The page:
The increasing interest in the measurement of government activities goes back to the second half of the 20th century, and is strongly related to the growth of public sector expenditure. It was a product of the more general turn to “planning,” a key element during the period in question (Boivard, 2005). In the 1980s, the introduction of market principles in public bureaucracies, the process of privatisation, the contracting out of public services and their management though performance contracts gave significant momentum to evaluation.
Key Terms in this Chapter
E-Governance: A concept and emerging practice, seeking to realise processes and structures for harnessing the potentialities of information and communication technologies at various levels of government and the public sector and beyond, for the purposes of enhancing good governance.
E-Democracy: The use of the ICTs for increasing the transparency of the political process, for enhancing the direct involvement and participation of citizens and for improving the quality of opinion formation by opening new spaces of information and deliberation.
E-participation: The use of information and communication technologies to broaden and deepen political participation by enabling citizens to connect with one another and with their elected representatives.
Performance Measures: Benchmarks which indicate the economy, efficiency and effectiveness of a current or past activity, unit or organisation.
Benchmarking: An interactive process by which the activities of an actor are evaluated in relation to best practices.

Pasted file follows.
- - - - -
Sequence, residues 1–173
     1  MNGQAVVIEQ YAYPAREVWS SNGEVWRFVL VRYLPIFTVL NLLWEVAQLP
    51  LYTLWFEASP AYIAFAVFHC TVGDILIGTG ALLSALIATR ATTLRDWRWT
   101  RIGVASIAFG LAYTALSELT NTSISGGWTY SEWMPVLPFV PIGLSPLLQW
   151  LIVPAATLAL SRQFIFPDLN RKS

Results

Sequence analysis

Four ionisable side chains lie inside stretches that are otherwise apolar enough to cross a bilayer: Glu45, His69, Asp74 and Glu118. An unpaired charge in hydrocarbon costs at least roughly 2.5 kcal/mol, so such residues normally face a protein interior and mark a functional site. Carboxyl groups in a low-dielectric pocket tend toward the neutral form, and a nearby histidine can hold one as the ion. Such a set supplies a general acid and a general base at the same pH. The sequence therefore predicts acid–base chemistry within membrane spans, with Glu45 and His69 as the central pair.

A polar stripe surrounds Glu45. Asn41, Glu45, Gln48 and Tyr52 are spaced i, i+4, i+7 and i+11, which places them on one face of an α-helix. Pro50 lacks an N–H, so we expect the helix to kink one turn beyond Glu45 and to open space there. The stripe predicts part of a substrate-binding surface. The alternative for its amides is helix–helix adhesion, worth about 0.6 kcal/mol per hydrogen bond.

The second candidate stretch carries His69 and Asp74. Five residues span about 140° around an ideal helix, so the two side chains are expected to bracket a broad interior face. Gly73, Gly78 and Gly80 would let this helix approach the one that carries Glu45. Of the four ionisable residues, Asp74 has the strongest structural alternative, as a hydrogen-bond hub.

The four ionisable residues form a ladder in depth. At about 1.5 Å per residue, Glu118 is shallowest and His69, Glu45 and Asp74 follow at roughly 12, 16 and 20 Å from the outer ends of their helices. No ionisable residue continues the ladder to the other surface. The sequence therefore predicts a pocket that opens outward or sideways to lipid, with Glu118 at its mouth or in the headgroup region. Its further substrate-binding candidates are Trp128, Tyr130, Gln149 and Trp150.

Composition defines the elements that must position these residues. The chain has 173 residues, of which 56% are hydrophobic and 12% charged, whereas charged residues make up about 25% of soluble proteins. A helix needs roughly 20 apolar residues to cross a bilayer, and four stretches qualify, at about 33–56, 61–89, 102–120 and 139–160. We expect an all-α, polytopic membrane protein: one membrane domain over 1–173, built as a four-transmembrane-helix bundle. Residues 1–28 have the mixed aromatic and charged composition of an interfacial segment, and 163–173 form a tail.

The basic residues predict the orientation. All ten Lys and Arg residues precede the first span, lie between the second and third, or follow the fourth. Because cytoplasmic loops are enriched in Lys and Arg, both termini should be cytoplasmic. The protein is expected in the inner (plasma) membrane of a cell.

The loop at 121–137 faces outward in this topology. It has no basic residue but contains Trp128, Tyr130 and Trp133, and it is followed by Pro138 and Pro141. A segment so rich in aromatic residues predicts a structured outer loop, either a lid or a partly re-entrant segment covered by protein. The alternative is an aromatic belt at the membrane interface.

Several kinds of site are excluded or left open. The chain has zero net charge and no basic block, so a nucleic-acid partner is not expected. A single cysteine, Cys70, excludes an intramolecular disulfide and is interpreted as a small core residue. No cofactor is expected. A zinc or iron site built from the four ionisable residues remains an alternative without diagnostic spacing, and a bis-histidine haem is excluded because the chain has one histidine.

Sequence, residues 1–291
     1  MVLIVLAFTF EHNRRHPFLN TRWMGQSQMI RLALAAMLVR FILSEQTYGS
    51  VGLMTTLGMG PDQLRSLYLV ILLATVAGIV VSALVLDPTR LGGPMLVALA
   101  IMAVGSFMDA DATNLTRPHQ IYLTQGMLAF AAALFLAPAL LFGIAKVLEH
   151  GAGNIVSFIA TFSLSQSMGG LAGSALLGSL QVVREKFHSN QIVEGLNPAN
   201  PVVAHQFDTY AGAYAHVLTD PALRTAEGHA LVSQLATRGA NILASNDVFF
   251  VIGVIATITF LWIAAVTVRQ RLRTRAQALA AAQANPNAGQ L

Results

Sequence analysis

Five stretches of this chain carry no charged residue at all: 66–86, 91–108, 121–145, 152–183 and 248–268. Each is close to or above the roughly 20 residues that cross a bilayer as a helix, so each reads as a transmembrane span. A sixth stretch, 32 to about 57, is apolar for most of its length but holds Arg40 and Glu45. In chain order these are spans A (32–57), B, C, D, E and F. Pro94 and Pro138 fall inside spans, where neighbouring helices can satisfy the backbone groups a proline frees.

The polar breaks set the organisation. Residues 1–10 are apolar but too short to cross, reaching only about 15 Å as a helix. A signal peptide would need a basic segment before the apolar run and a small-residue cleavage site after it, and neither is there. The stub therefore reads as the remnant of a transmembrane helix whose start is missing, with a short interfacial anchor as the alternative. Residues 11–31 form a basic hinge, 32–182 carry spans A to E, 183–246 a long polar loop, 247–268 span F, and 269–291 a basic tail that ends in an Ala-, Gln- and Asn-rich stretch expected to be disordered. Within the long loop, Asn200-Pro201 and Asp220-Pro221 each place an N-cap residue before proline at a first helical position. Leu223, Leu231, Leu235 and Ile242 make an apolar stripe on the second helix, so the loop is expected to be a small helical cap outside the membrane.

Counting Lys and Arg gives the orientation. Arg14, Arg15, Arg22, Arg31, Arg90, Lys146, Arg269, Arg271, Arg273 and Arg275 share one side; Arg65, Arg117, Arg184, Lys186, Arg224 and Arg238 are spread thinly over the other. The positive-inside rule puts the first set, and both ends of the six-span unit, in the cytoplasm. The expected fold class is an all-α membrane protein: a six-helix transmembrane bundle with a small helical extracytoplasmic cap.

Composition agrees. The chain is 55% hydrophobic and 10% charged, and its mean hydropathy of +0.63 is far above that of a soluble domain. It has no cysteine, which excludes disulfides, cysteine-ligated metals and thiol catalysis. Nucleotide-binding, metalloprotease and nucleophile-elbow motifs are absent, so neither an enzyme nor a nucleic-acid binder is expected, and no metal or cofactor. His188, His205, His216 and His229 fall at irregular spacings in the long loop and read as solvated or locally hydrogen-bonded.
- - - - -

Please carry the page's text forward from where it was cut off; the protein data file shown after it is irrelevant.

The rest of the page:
Monitoring: The systematic collection of information to provide indications on how a programme or service is performing.
ICTs: Acronym for information and communications technologies. It is a general term that describes any technology that helps to produce, manipulate, store, communicate, or disseminate information.
E-Rulemaking: A “notice and comment” method, following three steps: announcement, comment and publication. The agency publishes a notice containing a proposed law and the interested public is invited to send comments and proposals via e-mail during a fixed time period, so that the agency can analyse and consider these comments in its final version of the law.
Governmental Openness: A governmental strategy leading citizens to play a stronger role in interacting with government and in controlling its activities, making decision-making more transparent. It may also be considered a measure of government accountability, in that government agencies can be continuously assessed by citizens through everyday interactions.
E-Consultation: The use of the Internet to disseminate the developments in a policy field to the wider public, experts and interest groups, and to invite them to respond.
Good Governance: The processes and structures that guide political and socio-economic relationships, with particular reference to a set of eight major characteristics: participation, consensus, accountability, transparency, responsiveness, effectiveness and efficiency, inclusiveness and the rule of law.